By Charles M. Strauss
Note: This article was written before closing arguments.
If facts mattered, the jury would find Rittenhouse not guilty on all counts, except for possession by a minor. However, facts don’t matter. If facts mattered, he would not have been charged in the first place. So, there is always the possibility that the jurors are a bunch of nitwits who believe in their hearts that possessing an AR15 is prima facie proof of homicidal intent, or that going into a danger zone with a gun is prima facie proof of homicidal intent. (Except for Grosskreutz, of course. Rittenhouse’s lawyer never asked him why he brought a gun into the situation. Why not?)
There is a fairly high likelihood that the jury will find him not guilty on all counts (except for possession by a minor), for two reasons:
However, at the last minute, the prosecutor proposed reduced charges, so jurors could feel sorry for the prosecutor, and want to give him a consolation prize. Or they could be afraid of rioters/retribution, and want to throw the wolves a bone to take heat off themselves. Or they could think “I think he’s not guilty, but surely the DA would not have brought this case if there was nothing there, right? My government would never do such a thing. He must be guilty of something.” It’s easy for them to say “I don’t think he’s guilty, but let’s give him ‘only’ ten years in prison instead of life in prison. He’ll only be 28 when he gets out, so no big deal.”
About the Prosecutor
It’s hard to believe he is that incompetent. Any lawyer knows Thou Shalt Not bring up the subject of invoking the right to remain silent. You can get suspended for that. And on and on. This guy is stunningly horrible. But, is he really that bad, or is he throwing the case on purpose? It’ll be interesting to see if he brings up verboten material in his closing argument, causing the defense lawyer to object (something rarely done) or more likely, causing the judge to interrupt him.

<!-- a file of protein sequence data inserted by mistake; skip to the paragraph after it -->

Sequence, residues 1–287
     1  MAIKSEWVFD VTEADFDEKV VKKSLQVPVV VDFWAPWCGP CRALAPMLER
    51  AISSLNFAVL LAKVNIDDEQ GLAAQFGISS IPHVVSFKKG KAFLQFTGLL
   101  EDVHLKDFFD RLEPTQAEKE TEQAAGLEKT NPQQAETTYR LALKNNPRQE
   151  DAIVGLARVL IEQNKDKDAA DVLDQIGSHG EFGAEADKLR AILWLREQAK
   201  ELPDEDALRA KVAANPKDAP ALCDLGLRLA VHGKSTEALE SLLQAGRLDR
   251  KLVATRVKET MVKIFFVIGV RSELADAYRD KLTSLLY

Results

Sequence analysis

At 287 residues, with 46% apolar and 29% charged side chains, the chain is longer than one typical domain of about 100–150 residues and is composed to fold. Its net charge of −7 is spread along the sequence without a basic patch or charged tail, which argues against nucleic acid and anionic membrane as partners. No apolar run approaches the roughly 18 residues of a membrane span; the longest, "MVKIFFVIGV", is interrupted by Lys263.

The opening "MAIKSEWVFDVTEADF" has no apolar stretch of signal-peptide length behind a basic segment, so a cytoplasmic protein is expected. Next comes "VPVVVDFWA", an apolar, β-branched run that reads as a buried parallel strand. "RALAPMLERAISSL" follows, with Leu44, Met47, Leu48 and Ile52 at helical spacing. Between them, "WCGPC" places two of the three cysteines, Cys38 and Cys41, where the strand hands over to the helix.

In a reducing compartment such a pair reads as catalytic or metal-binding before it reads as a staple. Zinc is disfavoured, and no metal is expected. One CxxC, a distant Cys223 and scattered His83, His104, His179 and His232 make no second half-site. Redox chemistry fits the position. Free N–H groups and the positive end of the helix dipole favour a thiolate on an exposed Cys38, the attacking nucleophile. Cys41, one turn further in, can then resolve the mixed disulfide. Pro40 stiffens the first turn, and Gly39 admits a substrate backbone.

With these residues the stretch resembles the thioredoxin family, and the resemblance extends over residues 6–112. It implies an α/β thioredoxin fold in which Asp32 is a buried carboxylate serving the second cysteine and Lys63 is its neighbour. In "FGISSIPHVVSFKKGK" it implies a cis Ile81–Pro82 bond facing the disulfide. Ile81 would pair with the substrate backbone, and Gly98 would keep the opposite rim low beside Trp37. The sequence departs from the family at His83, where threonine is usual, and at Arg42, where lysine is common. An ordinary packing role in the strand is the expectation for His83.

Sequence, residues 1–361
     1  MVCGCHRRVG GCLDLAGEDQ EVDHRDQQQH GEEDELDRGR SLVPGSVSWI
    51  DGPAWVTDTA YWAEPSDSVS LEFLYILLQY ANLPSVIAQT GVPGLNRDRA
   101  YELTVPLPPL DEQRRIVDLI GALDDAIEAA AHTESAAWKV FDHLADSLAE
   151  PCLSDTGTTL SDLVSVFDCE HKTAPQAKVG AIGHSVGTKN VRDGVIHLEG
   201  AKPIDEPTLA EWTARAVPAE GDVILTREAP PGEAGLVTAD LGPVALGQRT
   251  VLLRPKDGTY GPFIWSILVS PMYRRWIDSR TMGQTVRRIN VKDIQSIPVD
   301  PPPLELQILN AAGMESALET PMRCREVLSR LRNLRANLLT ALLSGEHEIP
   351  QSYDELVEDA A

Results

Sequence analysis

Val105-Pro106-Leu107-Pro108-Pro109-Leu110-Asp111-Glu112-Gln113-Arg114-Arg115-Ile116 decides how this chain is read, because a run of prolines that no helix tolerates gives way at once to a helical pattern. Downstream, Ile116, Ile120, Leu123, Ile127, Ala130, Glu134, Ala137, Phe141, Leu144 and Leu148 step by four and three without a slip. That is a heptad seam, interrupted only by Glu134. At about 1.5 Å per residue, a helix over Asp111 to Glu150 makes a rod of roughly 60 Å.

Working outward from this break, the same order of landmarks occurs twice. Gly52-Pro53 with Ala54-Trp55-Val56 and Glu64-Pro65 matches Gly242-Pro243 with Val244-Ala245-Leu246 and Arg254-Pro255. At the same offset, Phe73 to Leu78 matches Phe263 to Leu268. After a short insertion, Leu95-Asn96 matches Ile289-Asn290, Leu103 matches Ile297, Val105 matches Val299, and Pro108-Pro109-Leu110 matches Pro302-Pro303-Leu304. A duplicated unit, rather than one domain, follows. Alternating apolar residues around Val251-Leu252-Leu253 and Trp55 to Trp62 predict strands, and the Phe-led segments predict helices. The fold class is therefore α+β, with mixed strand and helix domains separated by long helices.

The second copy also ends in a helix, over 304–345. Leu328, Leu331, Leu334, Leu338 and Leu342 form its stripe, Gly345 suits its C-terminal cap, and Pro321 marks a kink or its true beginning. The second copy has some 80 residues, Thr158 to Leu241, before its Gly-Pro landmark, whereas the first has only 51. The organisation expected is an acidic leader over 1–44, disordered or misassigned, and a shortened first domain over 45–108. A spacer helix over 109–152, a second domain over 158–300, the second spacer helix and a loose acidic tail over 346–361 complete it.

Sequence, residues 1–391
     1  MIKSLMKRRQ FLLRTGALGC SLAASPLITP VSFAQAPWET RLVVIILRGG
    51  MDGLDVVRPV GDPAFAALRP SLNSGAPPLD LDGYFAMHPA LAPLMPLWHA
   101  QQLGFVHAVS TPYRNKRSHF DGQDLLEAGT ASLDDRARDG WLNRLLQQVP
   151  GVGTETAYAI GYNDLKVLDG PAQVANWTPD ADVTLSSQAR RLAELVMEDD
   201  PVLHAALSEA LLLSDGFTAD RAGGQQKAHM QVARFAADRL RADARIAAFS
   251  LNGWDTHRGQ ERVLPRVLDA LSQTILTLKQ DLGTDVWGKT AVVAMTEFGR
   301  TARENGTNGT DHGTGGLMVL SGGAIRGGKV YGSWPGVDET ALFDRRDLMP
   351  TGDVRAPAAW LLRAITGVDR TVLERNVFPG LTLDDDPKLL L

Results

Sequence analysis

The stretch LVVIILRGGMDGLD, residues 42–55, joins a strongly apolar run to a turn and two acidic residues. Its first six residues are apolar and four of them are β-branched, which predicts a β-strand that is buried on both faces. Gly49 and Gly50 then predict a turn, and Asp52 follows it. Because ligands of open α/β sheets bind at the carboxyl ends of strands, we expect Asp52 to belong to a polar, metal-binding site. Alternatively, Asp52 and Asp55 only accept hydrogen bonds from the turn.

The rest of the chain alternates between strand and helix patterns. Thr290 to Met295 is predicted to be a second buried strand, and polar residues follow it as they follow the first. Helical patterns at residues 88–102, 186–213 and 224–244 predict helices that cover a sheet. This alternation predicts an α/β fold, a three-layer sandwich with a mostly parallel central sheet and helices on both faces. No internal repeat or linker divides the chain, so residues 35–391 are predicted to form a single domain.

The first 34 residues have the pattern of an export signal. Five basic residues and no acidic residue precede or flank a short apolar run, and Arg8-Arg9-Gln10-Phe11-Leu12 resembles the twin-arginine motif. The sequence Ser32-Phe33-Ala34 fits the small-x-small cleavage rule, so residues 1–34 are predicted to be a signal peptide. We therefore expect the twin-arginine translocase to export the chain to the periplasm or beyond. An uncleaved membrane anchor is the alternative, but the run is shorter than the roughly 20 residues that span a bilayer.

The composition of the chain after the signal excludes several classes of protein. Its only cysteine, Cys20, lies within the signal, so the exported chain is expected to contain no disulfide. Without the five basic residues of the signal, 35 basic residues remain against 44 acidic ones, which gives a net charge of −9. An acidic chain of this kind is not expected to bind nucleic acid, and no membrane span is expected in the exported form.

About the Defense Lawyer
Not bad, but not great. Did a good job getting the witnesses to say the right things. (Especially Grosskreutz.) Did a great job prepping Rittenhouse. But there are a couple of things I think he could have done better.
About the Judge
He knows that this is a bulls__t case, which never should have been brought. He has left open the defense motion to dismiss. I would not be too surprised if, after closing arguments, the judge says “I have made a decision regarding the motion to dismiss. The prosecutor’s conduct has been so egregious that I grant the motion to dismiss, with prejudice. Rittenhouse is a free man, and I will be recommending that the Wisconsin Bar investigate the prosecutor’s unethical misconduct.” I would especially expect that if the prosecutor steps over the line again during his closing argument.
The judge really would prefer to pass the buck to the jury, and let them come back with a not guilty verdict. So, if he reads the jury as being inclined to not guilty, he may let the jury decide the case, knowing that if they do find Rittenhouse guilty, he has that motion to dismiss in his back pocket, and he knows he can issue a “judgment notwithstanding the verdict” – effectively overruling the jury. That is almost never used, but I’m thinking this guy is 75 years old. He is ready to retire, and he is pissed off at what he sees as a gross miscarriage of justice. “Let the heathen rage” – his pension is secure. He can move to Florida, and he can supplement that fat pension with consulting expert fees on Fox News and elsewhere.
Because of the recently introduced lesser charges, I revise my prediction: the jury finds Rittenhouse guilty on a lesser charge. In my opinion, that would be a terrible injustice; this is as clear a case of self-defense as ever there was. But, sometimes injustice prevails. Sometimes the bad guys win.
Now let’s just wait and see how wrong I was.